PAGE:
When my first daughter was born, I was actually surprisingly good at the “self-care” thing. I slept when she slept, didn’t fuss too much about cleaning and laundry and that type of thing and gratefully my husband took over making sure my stepson had lunches packed, breakfast made, and that he was off to school on time and picked up. (In that regard, it was also very helpful that my daughter was born 5 days before school ended, but the same went for camps during the summer.) However, I know that I was in the minority of Western women. It seems we’ve hit a bizarre stage where women are expected to give birth and then return to all the pre-baby responsibilities without missing a beat. This is compounded if you happen to have to return to work before you’ve fully recuperated. With this in mind, I was very interested to read Kirstie Stockx’s new book Self Care for New Mums: A Practical Four-Step Guide for First Time Mothers with the hope that it might be the right book for many mothers to read and embrace. Heck, with my next baby due any time now, it may end up even giving me some new ideas to incorporate as well.
Unfortunately for my expectations, the book is not what the title suggests. The book has very little to do with self-care for new mums at all (one exception being the section on healing the body after birth which was appropriate, but is only a few pages of the entire thing). As such, I couldn’t recommend this book for moms looking for ways to care for themselves after giving birth or even exclusively for new moms – in fact, with the amount of “mini exercises” and the tips included, I actually believe it would be overwhelming and too much for new moms. If I had my way, I’d scrap the title and rename the book entirely. However, the positive is that if you ignore the title and focus on what it is, the book is generally good.
So if not about self-care for new mums, what is this book about? It’s a type of self-help book that focuses on finding oneself and a balance when we can end up stuck in situations that aren’t working for us anymore, especially as moms. There is a “mum” focus in that the tips probably will resonate more with moms than individuals without children and moms more than dads, though I think that anyone could read it and take something from, even if the entire thing doesn’t apply to them (as I found for me). As such, I would say the target audience for this book would be mothers of older infants/toddlers who are feeling stuck with where they are at in their lives. One important caveat is that there’s a certain level of privilege in these suggestions and as such won’t be applicable for all mothers, especially those who have had to return to work early or don’t have help or even those who don’t have a relatively easy-going baby. Although I would have liked to see more diversity in terms of who this book could apply to, I understand that sometimes you just have to write to who you can and hope that later on, more is done for those that don’t meet the criteria you’ve set out.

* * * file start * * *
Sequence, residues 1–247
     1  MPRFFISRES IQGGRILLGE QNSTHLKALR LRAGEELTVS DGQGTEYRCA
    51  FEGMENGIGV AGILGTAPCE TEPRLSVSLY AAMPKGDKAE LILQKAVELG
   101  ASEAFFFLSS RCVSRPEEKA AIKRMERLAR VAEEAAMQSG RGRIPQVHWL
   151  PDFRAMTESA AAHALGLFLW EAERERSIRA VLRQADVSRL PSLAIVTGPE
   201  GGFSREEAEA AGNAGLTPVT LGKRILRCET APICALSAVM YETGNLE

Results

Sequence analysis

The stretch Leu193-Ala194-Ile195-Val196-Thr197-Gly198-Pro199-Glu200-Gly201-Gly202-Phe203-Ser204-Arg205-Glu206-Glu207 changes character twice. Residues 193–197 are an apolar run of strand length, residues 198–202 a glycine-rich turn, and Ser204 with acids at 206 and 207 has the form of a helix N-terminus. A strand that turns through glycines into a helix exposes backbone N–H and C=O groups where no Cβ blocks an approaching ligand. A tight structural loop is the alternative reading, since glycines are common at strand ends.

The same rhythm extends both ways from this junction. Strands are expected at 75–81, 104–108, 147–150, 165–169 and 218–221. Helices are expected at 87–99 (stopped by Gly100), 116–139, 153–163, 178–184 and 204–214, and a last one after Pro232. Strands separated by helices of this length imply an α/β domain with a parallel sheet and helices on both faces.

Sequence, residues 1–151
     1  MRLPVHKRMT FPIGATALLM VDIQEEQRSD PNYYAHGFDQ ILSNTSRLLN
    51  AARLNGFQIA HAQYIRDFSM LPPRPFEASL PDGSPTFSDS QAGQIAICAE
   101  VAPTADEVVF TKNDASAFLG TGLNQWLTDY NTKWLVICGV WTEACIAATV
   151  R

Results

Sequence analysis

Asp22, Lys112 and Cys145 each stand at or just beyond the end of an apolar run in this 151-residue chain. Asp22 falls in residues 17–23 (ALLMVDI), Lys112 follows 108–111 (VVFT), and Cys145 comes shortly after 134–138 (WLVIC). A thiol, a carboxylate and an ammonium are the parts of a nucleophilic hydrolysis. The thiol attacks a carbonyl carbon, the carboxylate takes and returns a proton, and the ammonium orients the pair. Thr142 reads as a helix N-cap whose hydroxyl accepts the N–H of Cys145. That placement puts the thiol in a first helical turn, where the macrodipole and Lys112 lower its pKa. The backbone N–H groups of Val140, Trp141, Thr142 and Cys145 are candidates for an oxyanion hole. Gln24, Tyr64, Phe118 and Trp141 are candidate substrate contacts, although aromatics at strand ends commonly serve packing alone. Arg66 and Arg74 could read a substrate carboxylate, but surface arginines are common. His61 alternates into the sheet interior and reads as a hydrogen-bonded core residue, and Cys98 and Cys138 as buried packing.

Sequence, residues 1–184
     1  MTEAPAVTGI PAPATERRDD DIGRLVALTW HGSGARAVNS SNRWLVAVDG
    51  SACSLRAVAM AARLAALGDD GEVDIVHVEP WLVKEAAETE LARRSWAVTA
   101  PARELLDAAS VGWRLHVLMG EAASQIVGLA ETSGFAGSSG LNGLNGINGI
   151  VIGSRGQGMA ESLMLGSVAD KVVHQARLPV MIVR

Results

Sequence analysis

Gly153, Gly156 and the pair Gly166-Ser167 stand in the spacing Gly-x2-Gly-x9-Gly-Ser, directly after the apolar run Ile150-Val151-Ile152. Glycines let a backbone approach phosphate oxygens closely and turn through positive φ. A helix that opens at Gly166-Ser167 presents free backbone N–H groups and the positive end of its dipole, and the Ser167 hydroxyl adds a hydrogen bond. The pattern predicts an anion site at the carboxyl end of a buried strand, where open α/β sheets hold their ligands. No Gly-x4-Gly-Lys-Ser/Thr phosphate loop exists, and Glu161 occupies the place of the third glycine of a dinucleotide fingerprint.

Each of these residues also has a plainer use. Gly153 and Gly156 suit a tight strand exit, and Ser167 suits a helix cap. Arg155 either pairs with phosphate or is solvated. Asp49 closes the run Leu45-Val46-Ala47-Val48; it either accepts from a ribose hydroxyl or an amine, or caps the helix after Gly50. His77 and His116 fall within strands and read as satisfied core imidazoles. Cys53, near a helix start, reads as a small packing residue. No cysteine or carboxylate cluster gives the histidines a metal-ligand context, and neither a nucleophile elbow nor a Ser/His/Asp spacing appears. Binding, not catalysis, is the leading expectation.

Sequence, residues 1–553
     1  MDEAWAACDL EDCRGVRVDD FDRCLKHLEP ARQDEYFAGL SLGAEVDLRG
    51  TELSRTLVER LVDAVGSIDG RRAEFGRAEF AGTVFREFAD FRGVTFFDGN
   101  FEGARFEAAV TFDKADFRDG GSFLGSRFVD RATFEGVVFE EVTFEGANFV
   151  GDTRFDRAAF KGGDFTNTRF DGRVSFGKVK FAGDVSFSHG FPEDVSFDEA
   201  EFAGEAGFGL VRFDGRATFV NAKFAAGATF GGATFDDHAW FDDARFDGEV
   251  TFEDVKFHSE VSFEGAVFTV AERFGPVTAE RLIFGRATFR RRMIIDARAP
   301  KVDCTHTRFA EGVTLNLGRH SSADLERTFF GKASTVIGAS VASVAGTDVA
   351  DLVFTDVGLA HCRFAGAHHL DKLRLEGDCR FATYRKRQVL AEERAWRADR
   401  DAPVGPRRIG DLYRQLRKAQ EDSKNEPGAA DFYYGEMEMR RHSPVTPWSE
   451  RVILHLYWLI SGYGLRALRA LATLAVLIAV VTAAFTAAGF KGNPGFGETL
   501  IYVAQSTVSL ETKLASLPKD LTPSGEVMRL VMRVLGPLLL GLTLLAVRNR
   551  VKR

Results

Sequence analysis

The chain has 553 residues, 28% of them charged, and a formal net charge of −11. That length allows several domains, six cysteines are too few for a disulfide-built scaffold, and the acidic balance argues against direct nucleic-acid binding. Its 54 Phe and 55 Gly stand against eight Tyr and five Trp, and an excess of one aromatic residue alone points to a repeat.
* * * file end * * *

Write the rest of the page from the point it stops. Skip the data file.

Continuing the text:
The book is divided into four main sections: Mind, Body, Organise, and Connect. Right off the bat I’ll say the Organise section was most helpful to me and I found it the one that I would imagine most people who are feeling stuck would most relate to. The breakdown of goals and finding passion is something that can overwhelm us and Kristie does a great job of simplifying things that – in my head at least – aren’t so simple. If this section were expanded and put into a book of its own, I’d probably highly recommend that one as I really felt this was the crux of the issue for many moms who reach a bit of a crisis stage after their baby has moved on from being a baby and they find themselves trying to juggle more and figure out what their goals and plans really are. I especially liked the slower-pace she takes to change because there is nothing more obnoxious than someone telling you that you can “have it all” in two weeks or something equally asinine. Kristie does no such thing, laying out long-term changes that are set to benefit you for years.
The other sections were more hit or miss, especially from a parenting perspective. The Mind section focused on finding one’s core values and as it started here, I was still in the “new mum” mindset and found the discussions on core values and deciding what parent you want to be to be (a) overwhelming for a new mom, and (b) confusing as the idea was to find one’s core values without researching, but then research which seems like it would lead to confirmation bias only (though I’m thrilled to see someone talk about the importance of doing research these days). This was also the “be consistent but flexible” section which seemed odd to me. It seemed like there was an attempt to dish out some parenting advice here, but it wasn’t quite clear and seemed rather contradictory as she promoted being consistent at all costs (a suggestion that makes me cringe a bit) and then be open to being flexible (more realistic). I’m not sure which would win out here, but I’m hoping flexibility.